I’ve met Pino Cafaro for the first time at the London tattoo convention few years ago. Pino’s style is a very classic and simple Japanese Tattooing, his shop White fox Gallery in Braunschweig is a meeting point for irezumi lovers in Germany.
When and how did you get started in tattooing?
I started tattooing in 1996. A couples of years before I started to get tattooed and was absolutely fascinated. I was trying to get some informations at this time, but 25/26 years ago it was impossible to get any answer except: “fuck off”, from the tattooers in my town.
After a couple of years of bagging, at least, my tattooer agreed to take me as an apprentice. I started working in a pretty “old school” bikers shop and “served” there for seven years. Tough time but I kept a romantic retrospective about it.
How long did it take to get the first proper results?
It took forever! Working there was like tattooing behind the moon. I think the first 15 years has been pretty hard, after that I slowly started to get better results. To be honest I still struggle sometimes… tattooing is still a big challenge!
Do you consider painting a part of your learning process? Tell me about your drawing and painting routine…
Of course I do! Even if I got a certain routine about the technical process of tattooing, drawing still challenges me a lot. I love the Japanese iconography! Working with it, trying to go deeper in it, which also means working/researching/drawing constantly. I haven’t paint a lot in the past years. I was focused on drawing for my tattoo projects, but hopefully this year I will start to paint more.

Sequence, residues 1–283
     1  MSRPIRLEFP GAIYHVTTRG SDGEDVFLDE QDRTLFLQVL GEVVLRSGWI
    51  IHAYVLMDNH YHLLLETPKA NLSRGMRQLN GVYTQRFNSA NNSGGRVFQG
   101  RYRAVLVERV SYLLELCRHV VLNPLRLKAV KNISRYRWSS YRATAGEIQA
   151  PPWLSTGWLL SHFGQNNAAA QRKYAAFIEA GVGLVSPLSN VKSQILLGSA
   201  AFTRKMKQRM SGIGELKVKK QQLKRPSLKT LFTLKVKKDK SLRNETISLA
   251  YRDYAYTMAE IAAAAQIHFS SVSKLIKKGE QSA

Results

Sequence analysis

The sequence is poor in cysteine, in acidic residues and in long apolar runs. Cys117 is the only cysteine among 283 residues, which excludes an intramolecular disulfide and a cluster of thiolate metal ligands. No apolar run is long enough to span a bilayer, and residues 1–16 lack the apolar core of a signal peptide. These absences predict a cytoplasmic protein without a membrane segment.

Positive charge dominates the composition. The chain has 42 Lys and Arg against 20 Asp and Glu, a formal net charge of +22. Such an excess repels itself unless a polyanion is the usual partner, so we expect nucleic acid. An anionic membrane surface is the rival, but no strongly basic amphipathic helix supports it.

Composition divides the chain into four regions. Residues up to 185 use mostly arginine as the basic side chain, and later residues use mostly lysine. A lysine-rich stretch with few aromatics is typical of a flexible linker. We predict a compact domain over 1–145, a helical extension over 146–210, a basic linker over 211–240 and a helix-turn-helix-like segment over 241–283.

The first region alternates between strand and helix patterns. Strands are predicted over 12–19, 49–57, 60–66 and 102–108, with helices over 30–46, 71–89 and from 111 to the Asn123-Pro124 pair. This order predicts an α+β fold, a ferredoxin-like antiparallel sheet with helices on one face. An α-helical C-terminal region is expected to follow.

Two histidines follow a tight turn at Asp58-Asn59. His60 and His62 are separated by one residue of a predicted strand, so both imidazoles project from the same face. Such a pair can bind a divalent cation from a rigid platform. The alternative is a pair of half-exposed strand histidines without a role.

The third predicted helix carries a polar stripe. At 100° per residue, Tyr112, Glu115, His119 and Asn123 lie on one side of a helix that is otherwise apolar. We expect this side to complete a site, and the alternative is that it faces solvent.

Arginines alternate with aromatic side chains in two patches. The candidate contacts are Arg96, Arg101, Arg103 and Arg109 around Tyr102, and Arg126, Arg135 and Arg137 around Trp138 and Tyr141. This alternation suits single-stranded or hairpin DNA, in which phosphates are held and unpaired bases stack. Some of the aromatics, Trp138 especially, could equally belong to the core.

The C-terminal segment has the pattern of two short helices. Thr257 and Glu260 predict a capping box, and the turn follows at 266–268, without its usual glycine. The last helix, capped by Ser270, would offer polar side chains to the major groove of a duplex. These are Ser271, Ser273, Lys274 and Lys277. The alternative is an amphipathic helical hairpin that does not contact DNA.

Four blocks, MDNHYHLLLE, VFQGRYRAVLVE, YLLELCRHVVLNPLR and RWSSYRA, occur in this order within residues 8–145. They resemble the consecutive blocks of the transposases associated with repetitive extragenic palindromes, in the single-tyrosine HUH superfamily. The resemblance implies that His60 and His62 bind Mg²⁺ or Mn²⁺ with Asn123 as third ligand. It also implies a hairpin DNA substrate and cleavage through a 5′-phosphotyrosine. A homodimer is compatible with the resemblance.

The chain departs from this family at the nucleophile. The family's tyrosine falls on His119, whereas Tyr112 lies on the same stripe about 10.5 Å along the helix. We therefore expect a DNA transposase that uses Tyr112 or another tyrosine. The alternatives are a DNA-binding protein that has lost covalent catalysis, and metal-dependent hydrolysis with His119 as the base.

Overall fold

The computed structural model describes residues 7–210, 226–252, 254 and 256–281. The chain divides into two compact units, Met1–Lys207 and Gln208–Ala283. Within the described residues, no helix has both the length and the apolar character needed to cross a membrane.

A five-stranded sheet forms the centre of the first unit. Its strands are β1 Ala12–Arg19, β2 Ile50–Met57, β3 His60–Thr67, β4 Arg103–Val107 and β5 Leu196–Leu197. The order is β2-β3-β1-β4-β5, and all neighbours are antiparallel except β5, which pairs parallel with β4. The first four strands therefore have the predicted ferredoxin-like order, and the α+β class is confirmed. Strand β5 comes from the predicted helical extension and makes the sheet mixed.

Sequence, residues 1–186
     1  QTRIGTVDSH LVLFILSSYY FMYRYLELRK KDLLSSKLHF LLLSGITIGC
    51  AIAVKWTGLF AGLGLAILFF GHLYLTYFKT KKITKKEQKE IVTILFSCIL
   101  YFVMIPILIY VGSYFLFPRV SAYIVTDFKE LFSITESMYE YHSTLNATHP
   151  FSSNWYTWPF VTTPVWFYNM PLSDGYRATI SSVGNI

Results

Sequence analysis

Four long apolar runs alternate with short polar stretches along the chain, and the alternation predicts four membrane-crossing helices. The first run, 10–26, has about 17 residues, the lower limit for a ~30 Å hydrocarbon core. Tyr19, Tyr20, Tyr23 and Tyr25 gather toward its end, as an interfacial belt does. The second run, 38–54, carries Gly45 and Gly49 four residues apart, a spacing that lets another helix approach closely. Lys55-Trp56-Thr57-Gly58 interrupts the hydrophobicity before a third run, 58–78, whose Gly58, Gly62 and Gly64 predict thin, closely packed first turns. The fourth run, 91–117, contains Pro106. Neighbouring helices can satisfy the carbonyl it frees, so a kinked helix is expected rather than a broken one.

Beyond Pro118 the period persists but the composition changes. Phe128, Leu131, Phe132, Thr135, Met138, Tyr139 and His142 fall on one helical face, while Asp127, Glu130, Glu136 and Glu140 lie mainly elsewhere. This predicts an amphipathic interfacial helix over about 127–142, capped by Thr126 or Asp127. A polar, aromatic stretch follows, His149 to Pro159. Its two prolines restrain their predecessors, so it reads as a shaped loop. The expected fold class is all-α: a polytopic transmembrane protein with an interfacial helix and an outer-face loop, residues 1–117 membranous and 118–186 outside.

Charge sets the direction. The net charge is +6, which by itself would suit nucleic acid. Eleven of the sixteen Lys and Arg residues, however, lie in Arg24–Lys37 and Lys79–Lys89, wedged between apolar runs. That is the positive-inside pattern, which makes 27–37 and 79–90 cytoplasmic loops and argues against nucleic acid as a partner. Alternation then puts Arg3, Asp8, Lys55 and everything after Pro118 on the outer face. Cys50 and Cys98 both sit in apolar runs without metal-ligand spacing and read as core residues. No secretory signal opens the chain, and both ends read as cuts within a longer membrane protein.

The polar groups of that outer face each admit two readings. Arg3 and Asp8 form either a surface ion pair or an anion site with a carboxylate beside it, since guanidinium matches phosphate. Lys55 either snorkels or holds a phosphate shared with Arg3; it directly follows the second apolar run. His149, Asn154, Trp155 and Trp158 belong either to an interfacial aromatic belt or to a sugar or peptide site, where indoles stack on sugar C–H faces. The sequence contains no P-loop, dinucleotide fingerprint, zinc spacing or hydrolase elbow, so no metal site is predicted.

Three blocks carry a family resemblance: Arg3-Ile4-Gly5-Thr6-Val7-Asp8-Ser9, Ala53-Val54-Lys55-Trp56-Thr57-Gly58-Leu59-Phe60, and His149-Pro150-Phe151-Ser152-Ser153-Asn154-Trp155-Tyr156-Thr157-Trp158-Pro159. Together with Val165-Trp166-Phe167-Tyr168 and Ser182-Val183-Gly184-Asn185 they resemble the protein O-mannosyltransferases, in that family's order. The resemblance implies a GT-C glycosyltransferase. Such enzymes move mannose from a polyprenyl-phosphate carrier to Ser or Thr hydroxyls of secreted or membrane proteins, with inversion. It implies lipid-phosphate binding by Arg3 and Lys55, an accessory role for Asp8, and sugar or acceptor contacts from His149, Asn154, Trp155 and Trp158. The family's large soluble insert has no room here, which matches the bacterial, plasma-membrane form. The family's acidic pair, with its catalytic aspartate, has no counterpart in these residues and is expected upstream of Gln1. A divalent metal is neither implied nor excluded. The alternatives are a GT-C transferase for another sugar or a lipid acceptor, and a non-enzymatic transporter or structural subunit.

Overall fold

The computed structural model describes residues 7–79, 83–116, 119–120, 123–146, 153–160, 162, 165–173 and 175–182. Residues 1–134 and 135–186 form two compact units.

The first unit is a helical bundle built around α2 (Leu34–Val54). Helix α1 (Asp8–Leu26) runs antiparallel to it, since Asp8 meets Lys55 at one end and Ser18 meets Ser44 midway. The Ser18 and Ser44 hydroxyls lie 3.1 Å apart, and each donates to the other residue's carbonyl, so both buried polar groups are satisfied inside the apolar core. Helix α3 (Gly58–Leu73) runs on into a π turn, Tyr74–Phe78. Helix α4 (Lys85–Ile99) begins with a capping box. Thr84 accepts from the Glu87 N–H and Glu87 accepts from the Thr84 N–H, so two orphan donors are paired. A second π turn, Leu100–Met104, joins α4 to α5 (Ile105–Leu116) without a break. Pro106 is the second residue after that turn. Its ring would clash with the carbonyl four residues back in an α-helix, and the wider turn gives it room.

Before you’ve started tattooing were you involved in any subculture, such as punk, dark, metal, rock and roll, rap?
I was the singer of a rock band and kept on doing music for some years. But on a certain point I decided to put my time and energy into tattooing.
If you would have to pick three tattoo artists that inspire your work who would you mention and why?
There are so many people that inspired me, and are still doing it. I seriously don’t feel like mentioning just 3 of all these guys&girls that keep on inspiring me with their unbreakable passion for this job.
Since you started, how has the business evolved?
I started 23 years ago and I can say that a lot has changed since then. I guess for me it’s like the Coca Cola thing… when I was a kid I’m pretty sure the taste of Coke was different, better. So later, for several years, I have been very disappointed about it. Do you want to know how I solved the problem? I don’t drink it anymore.
I do the same thing with the evolution in this business: I try to keep all the aspects that I hate about it out of my life, enjoining only what becomes better.
Machines (rotary or coil), Tebori (hand tools) or both? What’s your choice? Why?
I believe that the tool choice is not as important as the results. I do love Coil Machines and it took many years to understand how to build, fix, tune and influence this tool in the right way. It is important to work with a tool that you trust and love.
Can you list a Top five of your favorite visual artists of all eras? What is attractive of their work in your opinion?
Michelangelo Merisi (Caravaggio), Katsushika Hokusai, Gian Lorenzo Bernini, Etienne Louis Boulle, Michelangelo Buonarroti. They all are visionary genius and extraordinary handicraftsman… this is a perfect combination.
How do you feel about the “ban” of tattooing in Japan?
Fortunately this problem is solved for now.
What’s the most challenging subject for you and why?
I think I struggle the most with Dragons. It is still amazingly difficult to draw a Dragon that I like.